"The Wealth of Common Sense" vs The Death of Common Sense
It seems to me that everyone is talking about the excessive valuations the US equity markets are trading at today. Indeed it is elevated, and certainly much of the concern is warranted based upon dismal Q1 earnings.[i]
The diatribe has almost reached a crescendo when I begin to see very skilled large foundation and endowment managers ponder market timing.
I think it's time we all rely on the Wealth of Common Sense vs the Death of Common Sense. To do this, I borrow from Ben Carlson, a very skilled writer who explains in simple terms the reality of corrections.
From his recent blog posting, we can see the following data:[ii]
Simply put, markets correct and quite often. Every year since 1950 there has been at least a 5% correction, except for 4 years (1954, 1958, 1964, and 1995).[iii]
In fact, according to data Ben presents, just over 50% of all years since 1950 have seen a 10% correction or more.[iv]
Fidelity data shows the following:[v]
While it's been nearly 4 years since the S&P 500’s last 10% correction, we are certainly due for one.[vi]
The data suggests market corrections are a matter of course for equity investing. As such, we should just accept it as part of the risk of equity investing. Well-meaning investors will try to time corrections, as certainly it would fly in the face of common sense to just do nothing when we know the market will correct. However, doing nothing is exactly what most should do, unless you think you can do the following:
- Time when you should get out of the markets, although they can easily continue to move higher.
- Time when you should get back in the markets. After all, 10% corrections can turn into 20% corrections. While you might time the first phase of a pullback correctly, you still may catch the next phase down. Oh and just for good measure, you might pay some of the highest capital gains tax rates in the last couple of decades for the privilege of trying to time the markets.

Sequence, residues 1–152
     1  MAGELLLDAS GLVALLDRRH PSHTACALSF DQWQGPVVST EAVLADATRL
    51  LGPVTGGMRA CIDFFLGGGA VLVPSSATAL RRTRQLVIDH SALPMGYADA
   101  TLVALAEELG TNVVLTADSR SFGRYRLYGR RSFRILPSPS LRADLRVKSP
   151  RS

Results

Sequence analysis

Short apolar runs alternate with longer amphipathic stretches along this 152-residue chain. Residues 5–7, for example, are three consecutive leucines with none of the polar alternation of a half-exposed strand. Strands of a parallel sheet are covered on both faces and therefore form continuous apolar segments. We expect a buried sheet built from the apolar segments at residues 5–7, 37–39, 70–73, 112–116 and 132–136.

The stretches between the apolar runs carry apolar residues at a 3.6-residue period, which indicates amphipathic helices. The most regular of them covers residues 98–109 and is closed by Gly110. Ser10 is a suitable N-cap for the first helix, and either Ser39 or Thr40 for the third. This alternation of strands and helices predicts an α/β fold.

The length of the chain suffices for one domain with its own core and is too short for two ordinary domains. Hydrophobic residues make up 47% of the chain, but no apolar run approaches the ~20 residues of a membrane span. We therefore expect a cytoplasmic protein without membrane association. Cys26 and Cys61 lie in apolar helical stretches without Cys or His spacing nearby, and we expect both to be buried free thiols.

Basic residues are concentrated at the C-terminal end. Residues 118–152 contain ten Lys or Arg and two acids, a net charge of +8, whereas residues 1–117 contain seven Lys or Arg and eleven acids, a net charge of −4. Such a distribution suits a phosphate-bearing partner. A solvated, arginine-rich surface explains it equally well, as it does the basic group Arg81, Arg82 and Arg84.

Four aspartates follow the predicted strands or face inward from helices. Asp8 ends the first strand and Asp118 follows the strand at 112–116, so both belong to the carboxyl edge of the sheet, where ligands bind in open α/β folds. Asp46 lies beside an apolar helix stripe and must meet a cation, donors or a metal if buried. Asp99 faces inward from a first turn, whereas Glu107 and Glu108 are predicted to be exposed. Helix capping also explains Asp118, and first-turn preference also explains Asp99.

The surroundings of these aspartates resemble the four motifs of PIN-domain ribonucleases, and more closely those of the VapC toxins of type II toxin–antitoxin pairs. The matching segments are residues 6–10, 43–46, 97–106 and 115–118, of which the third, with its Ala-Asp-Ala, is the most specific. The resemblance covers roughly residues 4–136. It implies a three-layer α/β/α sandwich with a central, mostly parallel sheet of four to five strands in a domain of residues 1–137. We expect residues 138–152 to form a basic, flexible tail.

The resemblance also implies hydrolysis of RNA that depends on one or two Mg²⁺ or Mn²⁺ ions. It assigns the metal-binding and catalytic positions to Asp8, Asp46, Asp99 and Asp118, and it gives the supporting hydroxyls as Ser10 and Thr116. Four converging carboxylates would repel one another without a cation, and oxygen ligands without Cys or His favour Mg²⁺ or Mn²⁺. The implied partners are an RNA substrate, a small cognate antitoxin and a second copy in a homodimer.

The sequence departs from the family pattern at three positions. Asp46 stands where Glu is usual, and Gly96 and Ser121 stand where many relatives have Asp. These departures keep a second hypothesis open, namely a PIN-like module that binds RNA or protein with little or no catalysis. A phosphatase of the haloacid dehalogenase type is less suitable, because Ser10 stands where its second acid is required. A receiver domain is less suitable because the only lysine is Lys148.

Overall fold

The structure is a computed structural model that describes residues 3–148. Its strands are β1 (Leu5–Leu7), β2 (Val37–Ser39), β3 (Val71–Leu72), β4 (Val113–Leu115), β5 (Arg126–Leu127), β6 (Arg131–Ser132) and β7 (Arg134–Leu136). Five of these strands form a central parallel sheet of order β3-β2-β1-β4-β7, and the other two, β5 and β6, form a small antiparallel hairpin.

Ben conveniently points out that when markets are down as much as -25.9%, -27.6%, or even -33.5%, they can still end the year with positive returns. In almost 60% of all years since 1950 with a drawdown in excess of 10%, the market finished the year in positive territory.[vii]
In fact, corrections tend to happen quickly and don't last that long.
You can see from the data in the table the average bull market lasts about 1770 days with a 161.4% gain and corrections only last on average 135 days with a meager -14.2% pull back.[viii]
I know it's within all of us to avoid danger, but the danger is what provides you the returns you need. This is called "risk premium".
If you don't need excess returns to fund a pension plan, retirement, or payouts on a foundation, change your asset allocation.
In fact if you’re nervous, I suggest you should reexamine the returns you actually need. Perhaps you can cut your spending, stop funding more scholarships for students, or simply plan on living with less in retirement. All are reasonable adjustments if you fear a pull back.
Don't let the death of common sense trump the "Wealth of Common Sense".
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Tim Phillips, CEO – Phillips & Company
Jeff Paul, Senior Investment Analyst – Phillips & Company
[i] Bloomberg LP. (Jun 1, 2015). Trailing and Forward PE Ratios.
[ii] Carlson, B. (May 25, 2015). To Win You Have to be Willing to Lose. A Wealth of Common Sense.
[v] Fidelity Investments. (Jun 4, 2012). CMSG Update on Recent Market Volatility.
[vi] Hirsch, J. (Apr 17, 2015). 1292 Days and Counting Since Last 10% Correction.
[vii] Carlson, B. (May 25, 2015). To Win You Have to be Willing to Lose. A Wealth of Common Sense.
[viii] Hirsch, J. (Apr 17, 2015). 1292 Days and Counting Since Last 10% Correction.